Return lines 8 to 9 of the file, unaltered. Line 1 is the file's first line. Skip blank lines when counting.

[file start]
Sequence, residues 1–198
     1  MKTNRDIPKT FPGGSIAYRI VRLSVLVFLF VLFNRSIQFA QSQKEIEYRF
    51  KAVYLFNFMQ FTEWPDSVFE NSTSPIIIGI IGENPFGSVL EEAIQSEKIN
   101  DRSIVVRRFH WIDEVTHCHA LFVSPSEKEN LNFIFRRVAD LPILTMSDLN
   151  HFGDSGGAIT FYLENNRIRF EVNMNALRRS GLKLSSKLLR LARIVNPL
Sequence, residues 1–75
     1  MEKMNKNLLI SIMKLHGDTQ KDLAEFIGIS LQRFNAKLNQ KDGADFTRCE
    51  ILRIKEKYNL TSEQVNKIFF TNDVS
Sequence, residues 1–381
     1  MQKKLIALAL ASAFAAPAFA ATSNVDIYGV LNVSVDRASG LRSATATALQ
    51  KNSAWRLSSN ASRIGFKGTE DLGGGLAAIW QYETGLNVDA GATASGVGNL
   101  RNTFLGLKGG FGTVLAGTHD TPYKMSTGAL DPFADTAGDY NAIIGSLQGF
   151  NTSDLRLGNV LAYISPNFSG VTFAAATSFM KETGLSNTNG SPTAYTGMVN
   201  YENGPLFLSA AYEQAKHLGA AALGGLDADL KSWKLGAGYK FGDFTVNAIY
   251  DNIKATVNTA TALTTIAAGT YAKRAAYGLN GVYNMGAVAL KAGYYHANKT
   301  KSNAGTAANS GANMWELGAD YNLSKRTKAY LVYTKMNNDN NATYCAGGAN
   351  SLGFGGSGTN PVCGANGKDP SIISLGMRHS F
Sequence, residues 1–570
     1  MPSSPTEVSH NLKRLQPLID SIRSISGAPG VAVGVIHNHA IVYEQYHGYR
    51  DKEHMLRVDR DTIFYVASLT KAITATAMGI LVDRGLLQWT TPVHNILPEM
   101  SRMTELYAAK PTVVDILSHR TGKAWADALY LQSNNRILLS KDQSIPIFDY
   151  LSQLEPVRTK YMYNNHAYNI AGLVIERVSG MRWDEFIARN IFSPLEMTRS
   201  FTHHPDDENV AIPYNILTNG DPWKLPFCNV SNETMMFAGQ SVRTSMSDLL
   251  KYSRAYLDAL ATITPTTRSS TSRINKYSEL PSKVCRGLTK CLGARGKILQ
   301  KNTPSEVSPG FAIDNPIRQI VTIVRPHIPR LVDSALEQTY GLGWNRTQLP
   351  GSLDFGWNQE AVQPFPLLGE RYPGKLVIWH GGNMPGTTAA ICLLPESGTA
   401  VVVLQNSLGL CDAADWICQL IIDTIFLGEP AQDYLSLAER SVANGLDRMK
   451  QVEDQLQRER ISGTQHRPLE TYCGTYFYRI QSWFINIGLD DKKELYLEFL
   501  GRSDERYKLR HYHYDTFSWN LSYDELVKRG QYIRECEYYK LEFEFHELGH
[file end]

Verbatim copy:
    51  ILRIKEKYNL TSEQVNKIFF TNDVS
Sequence, residues 1–381